A group of North Carolina rooftop solar installers has reached an agreement with Duke Energy on the future of net metering in the state. Several weeks ago, seventeen NC rooftop installers, including Sundance Power Systems, signed a letter to Governor Roy Cooper stating that the proposed changes by Duke Energy would reduce the value of a solar customer’s investment by 25-35%. The presidents of three of those companies delved deep into negotiations with Duke in an attempt to create a less onerous set of changes than those proposed. Choosing this collaborative approach versus litigation has created a transition period through a new ‘Bridge Rate’. This will allow the original changes to take place but in a phased manner, allowing a smoother transition for future rooftop solar customers. Stew Miller of YES Solar, Dave Hollister of Sundance Power Systems, and Bob Kingery of Southern Energy Management (SEM) are the three solar company owners who lead the way on these crucial negotiations. “In the end, we did the best we could to secure the best deal possible for our industry, one that would give us a runway that was sellable to our customers, and buy some time for some systemic changes to occur that could create a better system moving forward.” said Hollister of Sundance.
Many states are fighting over net metering, mainly leading to negative changes in policy. The efforts of these North Carolina solar company leaders will create a strong path forward for rooftop solar adoption. It is encouraging to see the NC rooftop solar industry and Duke Energy work together on a negotiated solution as opposed to a litigious, expensive and time-consuming battle that would have served no one well. Climate change necessitates changes in energy policy and solar power is a key part of this fight for a better future. While much work remains and the effectiveness of these policy changes has yet to to be tested, this is a positive step forward.
Background on This Important Issue
Duke Energy filed changes to net metering, dubbed Solar Choice, months ago. Various environmental and solar groups supported the proposed changes but solar power companies in North Carolina were left out of the discussion. But what are these changes all about? Essentially, Duke is innovating their business model with regard to Distributed Generation (DG). The main goal is to provide incentives that will capture environmental and social benefits of solar and deliver them back to customers in the form of an energy efficiency incentive. This program would help align the utility with the business model for rooftop solar.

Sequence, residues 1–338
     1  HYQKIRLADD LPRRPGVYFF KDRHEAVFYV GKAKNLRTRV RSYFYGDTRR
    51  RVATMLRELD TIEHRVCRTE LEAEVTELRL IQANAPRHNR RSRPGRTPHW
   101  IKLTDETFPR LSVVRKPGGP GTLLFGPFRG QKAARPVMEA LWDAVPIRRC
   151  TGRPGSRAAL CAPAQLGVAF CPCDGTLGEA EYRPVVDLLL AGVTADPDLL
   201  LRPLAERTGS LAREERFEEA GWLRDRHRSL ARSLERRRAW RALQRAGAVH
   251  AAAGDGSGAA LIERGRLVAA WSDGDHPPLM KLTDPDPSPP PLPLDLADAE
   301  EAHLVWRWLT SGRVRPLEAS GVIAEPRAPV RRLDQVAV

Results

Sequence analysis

Original Duke Net Metering Proposal Details
- The original filing would be very complicated and it would be difficult to calculate customer savings.
- According to NC rooftop solar installers’ calculations, without any incentive program, all customers would have had the value of their solar investment reduced by 25-35%.
- The grandfathered rate did not have any energy escalator and extended paybacks for all legacy customers by 7-8 years. This would have negatively impacted the value of this investment for existing customers.
- Due to the cost effectiveness requirements for energy efficiency programs, the program would not be available to customers who currently heat with gas. With no incentives available to gas customers, they would have seen a significant decrease in the financial benefits associated with rooftop PV installation.
Elements of New Negotiated Policy